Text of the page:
Department of Physics, Engineering Physics & Astronomy

Queen's University
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Department of Physics, Engineering Physics & Astronomy
Department of Physics, Engineering Physics & Astronomy

Searching for Oscillating Neutrinos at T2K: Results and Prospects

Mark Hartz

Friday, March 16, 2012
1:30 PM @ Stirling A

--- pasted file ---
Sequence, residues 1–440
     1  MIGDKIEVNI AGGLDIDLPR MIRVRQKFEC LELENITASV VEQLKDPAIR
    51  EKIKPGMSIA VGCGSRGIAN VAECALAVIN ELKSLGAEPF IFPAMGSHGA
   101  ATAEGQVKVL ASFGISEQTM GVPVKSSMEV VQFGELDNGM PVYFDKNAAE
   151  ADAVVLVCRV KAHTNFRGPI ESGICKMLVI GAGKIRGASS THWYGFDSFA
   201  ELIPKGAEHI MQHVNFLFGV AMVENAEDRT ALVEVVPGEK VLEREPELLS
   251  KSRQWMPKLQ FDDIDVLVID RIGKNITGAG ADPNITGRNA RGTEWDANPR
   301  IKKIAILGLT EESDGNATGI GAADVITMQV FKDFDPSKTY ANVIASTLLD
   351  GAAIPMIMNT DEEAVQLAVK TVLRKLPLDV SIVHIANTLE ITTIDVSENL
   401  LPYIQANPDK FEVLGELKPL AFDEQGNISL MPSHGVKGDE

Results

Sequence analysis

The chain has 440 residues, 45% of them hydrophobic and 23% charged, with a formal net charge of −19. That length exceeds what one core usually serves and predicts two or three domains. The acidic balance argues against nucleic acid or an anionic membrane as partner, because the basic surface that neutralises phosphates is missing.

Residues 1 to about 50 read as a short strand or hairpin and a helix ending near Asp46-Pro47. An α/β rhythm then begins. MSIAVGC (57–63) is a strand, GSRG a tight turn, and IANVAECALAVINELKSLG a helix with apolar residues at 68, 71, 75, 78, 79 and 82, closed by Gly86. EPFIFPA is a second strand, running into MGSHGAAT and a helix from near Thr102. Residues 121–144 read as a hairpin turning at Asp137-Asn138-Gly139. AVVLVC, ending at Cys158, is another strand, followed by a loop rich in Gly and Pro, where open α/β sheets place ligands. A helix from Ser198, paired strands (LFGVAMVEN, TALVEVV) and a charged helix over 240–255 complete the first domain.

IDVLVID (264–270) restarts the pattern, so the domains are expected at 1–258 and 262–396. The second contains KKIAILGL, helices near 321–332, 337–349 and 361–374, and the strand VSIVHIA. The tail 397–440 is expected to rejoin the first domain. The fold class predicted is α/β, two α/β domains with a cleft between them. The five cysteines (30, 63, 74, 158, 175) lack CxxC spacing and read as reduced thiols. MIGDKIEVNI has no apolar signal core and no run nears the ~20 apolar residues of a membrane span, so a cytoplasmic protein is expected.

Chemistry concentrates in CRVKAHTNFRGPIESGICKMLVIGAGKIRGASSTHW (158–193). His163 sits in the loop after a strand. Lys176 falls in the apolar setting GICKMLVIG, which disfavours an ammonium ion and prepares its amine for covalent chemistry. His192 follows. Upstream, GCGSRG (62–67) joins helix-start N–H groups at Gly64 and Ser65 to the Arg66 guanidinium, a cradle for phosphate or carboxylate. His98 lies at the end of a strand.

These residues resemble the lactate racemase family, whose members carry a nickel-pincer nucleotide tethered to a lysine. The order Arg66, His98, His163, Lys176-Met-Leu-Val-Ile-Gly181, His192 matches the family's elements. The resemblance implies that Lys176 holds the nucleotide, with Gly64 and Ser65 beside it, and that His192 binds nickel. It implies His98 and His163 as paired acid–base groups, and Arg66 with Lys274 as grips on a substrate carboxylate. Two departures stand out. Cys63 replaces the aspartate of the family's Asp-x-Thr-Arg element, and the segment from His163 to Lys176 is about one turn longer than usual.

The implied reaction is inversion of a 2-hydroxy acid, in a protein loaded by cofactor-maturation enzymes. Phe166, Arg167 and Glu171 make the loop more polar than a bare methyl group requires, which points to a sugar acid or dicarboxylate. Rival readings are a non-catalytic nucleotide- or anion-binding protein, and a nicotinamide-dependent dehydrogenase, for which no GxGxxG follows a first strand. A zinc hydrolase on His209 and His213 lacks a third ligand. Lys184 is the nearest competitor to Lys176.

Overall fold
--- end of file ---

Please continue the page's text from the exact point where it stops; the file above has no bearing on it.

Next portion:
Neutrino oscillations have been a hot topic in recent decades as experiments have revealed large mixing between nature's most enigmatic elementary particles. In contrast to the mixing of quarks, measurements have shown that two of the neutrino mixing angles are near maximal. Until recently, however, oscillations through the smallest mixing angle, ?13, had not been observed. T2K is a long baseline high intensity neutrino oscillation experiment employing an off-axis beam to search for the appearance of electron neutrinos in a muon neutrino beam, oscillations that are governed by ?13. In 2011, T2K released a search for electron neutrino appearance that rejected a value of zero for? 13 at 90% confidence, opening the door for the observation of CP violation in neutrino oscillations. In this talk, I will review the measurements of electron neutrino appearance and muon neutrino disappearance made by T2K. I will also discuss the future prospects for T2K in light of the many recent exciting results from neutrino oscillation experiments.